The United States and Japan are on the verge of entering into an initial trade accord over tariffs, and it appears that vehicles manufactured in the Land of the Rising Sun will not be hit with higher import tariffs.
President Donald Trump has long been frustrated with the number of cars Japanese automakers sell in the States and the limited quantity of U.S.-made cars sold in Japan. Subsequently, he threatened to impose a 25 per cent tariff on autos and auto parts imported from Japan as well as other countries, but, according to the Tokyo Shimbun, this will not happen after all, Auto News reports.
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It is believed that the U.S. and Japan agreed to core elements of a new trade deal during last month’s G7 Summit. Both President Trump and Japanese Prime Minister Shinzo Abe said they were confident an agreement would be signed this month. Confirmation of the deal could come after a meeting between the two heads of state in New York next week.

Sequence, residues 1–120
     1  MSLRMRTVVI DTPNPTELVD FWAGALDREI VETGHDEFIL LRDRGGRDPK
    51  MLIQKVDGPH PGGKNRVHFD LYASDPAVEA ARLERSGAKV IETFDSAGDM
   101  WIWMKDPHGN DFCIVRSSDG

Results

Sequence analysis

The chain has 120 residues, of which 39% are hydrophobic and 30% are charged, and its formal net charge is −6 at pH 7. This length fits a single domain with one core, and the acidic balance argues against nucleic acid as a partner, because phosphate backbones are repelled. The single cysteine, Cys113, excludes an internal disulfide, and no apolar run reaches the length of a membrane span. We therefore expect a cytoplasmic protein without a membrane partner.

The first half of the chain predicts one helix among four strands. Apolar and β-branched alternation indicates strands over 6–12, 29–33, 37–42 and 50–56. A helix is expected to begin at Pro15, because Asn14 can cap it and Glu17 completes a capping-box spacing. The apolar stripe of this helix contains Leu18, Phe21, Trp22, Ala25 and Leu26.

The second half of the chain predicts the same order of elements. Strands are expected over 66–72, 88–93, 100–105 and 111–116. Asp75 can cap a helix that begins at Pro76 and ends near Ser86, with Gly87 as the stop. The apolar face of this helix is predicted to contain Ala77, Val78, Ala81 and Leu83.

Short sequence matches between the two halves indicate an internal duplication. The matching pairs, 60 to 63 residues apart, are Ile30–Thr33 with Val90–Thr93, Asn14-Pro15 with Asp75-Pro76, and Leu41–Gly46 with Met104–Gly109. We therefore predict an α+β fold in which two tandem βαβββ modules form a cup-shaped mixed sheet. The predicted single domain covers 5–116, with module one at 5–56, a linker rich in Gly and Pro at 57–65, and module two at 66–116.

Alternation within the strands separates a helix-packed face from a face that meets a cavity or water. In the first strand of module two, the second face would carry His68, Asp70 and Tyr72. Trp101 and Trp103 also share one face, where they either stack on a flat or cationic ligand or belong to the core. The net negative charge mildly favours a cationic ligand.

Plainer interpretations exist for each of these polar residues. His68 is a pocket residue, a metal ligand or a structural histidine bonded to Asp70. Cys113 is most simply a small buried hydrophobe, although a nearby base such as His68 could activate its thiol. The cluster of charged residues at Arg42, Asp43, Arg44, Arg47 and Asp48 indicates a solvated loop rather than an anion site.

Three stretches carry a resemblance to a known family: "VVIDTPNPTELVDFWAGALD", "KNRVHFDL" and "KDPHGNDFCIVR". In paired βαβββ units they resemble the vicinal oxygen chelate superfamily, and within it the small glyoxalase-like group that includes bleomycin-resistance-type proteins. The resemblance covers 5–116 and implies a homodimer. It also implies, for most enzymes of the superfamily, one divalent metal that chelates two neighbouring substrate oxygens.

The new trade deal will see Japan make various concessions on agricultural imports from the United States. Nevertheless, U.S. News reports that Japanese Foreign Minister Toshimitsu Motegi wants to reconfirm with the U.S. that Japanese vehicles will indeed not be hit with new tariffs.
"My administration looks forward to continued collaboration with the Congress on further negotiations with Japan to achieve a comprehensive trade agreement that results in more fair and reciprocal trade between the United States and Japan," a White House statement quoting President Trump reads.